In the PPC world the more you pay the higher you rank. A #1 ranking on Overture for “search engine placement” would cost $8.01 and a #3, $5.25. It has generally been understood that this is a major difference between the PPC engines and the natural engines. You can’t buy placement on the natural search engines … or can you?
A relatively recent development in the world of the SEO has been the practice of buying links. The purchase of links serves two functions though only one is of importance for the purpose of this article. Paid links, like paid advertising, can bring you direct traffic through click on your link. This is the less relevant aspect for the purpose of this article. The main reason that the purchase of paid links has become as popular as it has among the SEO community is for the one-way links that it builds to your website.
For any of you who have ever done reciprocal link building you know that finding high quality, high PageRank links can be extremely daunting. If you are willing to pay for those links however the effort and time required comes down quite significantly (though obviously the cost goes up).
Paid links range in price from anywhere between $5/mth to thousands and take into consideration a number of factors including:
1/ PageRank of the site
2/ Number of pages the link will be placed on
3/ The number of characters allowed for the link (i.e. 20 characters long, 30 characters long, etc.)
4/ Whether descriptive text will be included
5/ Topic of the site
6/ Location of the link
The PageRank is arguably the most important of these factors. A link from a PageRank 8 site is far more valuable that a link from a PageRank 6 website.
Number Of Pages
This used to be very important but seems to be slipping. Once upon a time a Run-Of-Site link (a link on every page) was extremely valuable as it could translate into hundreds and sometimes thousands of links. It seems that multiple links are no longer valued in the same way as they used to be though there is still a very significant advantage in multiple links from the same site and that is intimidation. When you competition runs a backlink count on you and sees thousands of links pointing to your site they will not like their odds and may choose to compete for a different phrase.
Number Of Characters
When you purchase a link the seller will almost always specify the number of characters the link can be in length. The higher the number of characters the more words you can use as the anchor text for the link. This may or may not be important. If your anchor text is “SEO” then it doesn’t much matter if the link can be 30 characters or not. If your anchor text is “search engine placement” then it becomes a much more relevant factor.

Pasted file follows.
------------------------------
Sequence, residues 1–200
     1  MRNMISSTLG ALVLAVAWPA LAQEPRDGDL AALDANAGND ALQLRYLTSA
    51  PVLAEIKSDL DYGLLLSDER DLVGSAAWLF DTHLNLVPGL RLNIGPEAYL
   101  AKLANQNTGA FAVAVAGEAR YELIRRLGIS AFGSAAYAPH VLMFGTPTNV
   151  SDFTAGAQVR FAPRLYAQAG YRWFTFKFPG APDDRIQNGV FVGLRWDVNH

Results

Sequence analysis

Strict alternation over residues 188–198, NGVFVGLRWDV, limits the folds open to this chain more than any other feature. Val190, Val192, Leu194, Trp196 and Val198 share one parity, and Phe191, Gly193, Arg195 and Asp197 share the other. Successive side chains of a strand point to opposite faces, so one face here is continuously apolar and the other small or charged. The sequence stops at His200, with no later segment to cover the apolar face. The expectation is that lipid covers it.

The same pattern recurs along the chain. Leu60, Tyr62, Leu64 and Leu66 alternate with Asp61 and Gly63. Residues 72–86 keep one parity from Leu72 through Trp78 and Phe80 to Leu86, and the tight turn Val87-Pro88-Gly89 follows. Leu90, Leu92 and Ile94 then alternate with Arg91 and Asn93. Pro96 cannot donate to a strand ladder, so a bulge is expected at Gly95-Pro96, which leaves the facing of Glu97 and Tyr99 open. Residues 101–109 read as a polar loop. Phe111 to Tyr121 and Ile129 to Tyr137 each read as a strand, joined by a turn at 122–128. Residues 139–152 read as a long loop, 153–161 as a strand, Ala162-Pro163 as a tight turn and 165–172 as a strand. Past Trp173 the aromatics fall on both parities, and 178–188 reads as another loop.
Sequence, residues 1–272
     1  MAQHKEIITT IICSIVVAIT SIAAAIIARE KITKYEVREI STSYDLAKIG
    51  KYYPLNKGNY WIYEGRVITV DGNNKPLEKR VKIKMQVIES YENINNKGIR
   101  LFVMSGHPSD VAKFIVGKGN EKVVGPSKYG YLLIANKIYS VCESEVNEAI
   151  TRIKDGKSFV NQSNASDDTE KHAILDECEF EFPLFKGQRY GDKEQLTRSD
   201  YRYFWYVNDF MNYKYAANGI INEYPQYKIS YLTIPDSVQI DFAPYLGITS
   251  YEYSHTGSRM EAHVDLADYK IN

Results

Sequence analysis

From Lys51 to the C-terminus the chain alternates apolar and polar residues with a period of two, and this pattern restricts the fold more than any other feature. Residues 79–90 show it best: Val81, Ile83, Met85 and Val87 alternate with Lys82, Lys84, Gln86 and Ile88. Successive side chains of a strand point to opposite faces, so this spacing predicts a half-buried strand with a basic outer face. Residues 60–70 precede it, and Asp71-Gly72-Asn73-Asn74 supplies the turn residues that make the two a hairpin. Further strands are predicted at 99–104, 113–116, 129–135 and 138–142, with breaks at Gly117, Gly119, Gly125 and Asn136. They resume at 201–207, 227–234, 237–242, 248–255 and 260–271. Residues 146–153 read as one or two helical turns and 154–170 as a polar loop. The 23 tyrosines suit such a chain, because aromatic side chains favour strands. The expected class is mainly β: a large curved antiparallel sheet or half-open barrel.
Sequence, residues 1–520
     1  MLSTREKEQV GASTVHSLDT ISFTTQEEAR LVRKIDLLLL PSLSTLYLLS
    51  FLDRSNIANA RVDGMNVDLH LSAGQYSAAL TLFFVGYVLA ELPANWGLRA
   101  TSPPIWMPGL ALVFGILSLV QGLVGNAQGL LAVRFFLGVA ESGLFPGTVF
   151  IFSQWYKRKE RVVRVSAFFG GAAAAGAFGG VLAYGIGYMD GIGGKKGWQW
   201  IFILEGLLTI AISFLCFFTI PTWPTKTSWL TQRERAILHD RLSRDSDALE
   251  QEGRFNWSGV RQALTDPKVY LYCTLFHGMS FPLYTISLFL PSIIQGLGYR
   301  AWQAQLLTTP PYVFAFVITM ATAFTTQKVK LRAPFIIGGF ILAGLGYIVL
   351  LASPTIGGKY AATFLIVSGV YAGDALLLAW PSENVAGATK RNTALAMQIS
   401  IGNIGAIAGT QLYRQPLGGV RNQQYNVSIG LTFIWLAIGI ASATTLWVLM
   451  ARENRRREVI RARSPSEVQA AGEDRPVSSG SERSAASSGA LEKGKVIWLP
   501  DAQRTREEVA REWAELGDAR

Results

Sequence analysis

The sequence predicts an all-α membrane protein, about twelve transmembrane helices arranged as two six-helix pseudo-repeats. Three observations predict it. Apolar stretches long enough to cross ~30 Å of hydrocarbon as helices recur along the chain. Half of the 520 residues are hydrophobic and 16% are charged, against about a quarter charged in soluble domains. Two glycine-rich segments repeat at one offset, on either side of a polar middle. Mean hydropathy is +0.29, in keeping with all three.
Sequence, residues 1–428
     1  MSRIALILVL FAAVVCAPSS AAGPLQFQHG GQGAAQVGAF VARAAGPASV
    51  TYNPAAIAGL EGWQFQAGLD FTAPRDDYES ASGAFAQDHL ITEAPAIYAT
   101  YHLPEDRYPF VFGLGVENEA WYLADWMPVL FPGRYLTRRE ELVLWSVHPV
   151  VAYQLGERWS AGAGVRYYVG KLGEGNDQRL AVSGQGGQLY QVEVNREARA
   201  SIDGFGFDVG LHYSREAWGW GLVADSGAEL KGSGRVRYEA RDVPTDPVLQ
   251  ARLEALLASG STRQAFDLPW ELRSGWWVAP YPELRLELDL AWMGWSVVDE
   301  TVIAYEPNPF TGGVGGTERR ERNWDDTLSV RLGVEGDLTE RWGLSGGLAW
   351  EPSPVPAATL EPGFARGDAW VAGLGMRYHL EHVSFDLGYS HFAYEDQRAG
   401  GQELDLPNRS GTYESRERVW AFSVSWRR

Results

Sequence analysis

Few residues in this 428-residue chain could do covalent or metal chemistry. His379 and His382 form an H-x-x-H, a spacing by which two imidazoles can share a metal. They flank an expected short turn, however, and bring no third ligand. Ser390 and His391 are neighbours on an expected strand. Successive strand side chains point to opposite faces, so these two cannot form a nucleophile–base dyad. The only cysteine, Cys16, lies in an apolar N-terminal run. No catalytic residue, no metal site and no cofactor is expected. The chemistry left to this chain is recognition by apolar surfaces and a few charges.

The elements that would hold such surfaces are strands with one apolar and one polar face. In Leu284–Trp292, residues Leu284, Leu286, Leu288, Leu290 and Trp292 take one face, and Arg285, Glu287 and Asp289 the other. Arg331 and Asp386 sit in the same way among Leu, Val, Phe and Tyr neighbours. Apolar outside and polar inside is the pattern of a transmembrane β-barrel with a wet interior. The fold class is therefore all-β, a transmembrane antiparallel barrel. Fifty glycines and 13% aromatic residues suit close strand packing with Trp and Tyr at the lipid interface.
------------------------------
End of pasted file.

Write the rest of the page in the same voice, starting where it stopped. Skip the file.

Some site owners will allow you to include descriptive text for relevancy (much like reciprocal links pages but better). This is extremely beneficial if the content of the site you are purchasing links from is not entirely related to yours. This will help the search engines see relevancy between the two sites.
Relevant now and destined to become more important as time passes. If the content of the site you are purchasing a link from is entirely related to yours the link would be more valuable. Again, the importance of this will only increase as time goes on.
The location of the link on the page is very relevant. The higher up and further left the link is the more weight it will be given. A link in the left-hand navigation is ideal; a link in the footer is the least valuable.
So where do you go to find links to buy if you do want to go this route. There are a number of resources you can use. The first is Google itself. Running a search for “text link” your topic is a good place to start and you can refine your search from there.
There are also a few auction/brokerage sites that allow you to advertise the sale of links on your site and bid on links from others. A few of the more popular are:
LinkAdage (my personal favorite)
BuySellLinks (a good one for lower quality but less expensive links)
TextLinkBrokers (this is a brokerage firm that sells links for others)
Some General Rules To Follow When Buying Links
The buying and selling of links, like PPC campaigns, must be monitored to insure that you’re getting the best return on your investment. Some of the basic rules are:
– Monitor the sites you are buying links from on at least a monthly basis to insure that the PR they were when you bought is the same or higher.
– Try to get your link on many but not necessarily all pages of the site. If you can get your link on 20 key pages of a site rather than a run-of-site you are probably better off. As Google and the other search engines try to detect and reduce the weight of paid links, things like a link on every page MAY become indicators to them (I know I would add that in if I were Google).
– Look around before buying. Check all the auction sites and run some searches on Google to find the best values. If you want to get even better results you may want to use the tool I raved about in last week’s article; PRProwler. It will help weed out low PageRank links.
– Unless the price is just something you can’t refuse, try to only get links on highly relevant sites. Relevancy is sure to become an increasingly important factor as time goes on. It’s also a good practice if you’d also like to get real click-throughs from the site you’re buying links from (especially if the link is well located on the page).
I do hope that this helps you in your promotions. If you have any questions about paid links or other SEO issues please don’t hesitate to contact us.
SEO Warning: This technique is still useful but may be targeted by Google in the near future. A good rule of thumb is to be certain the site linking to you is relevant to the topic of your website.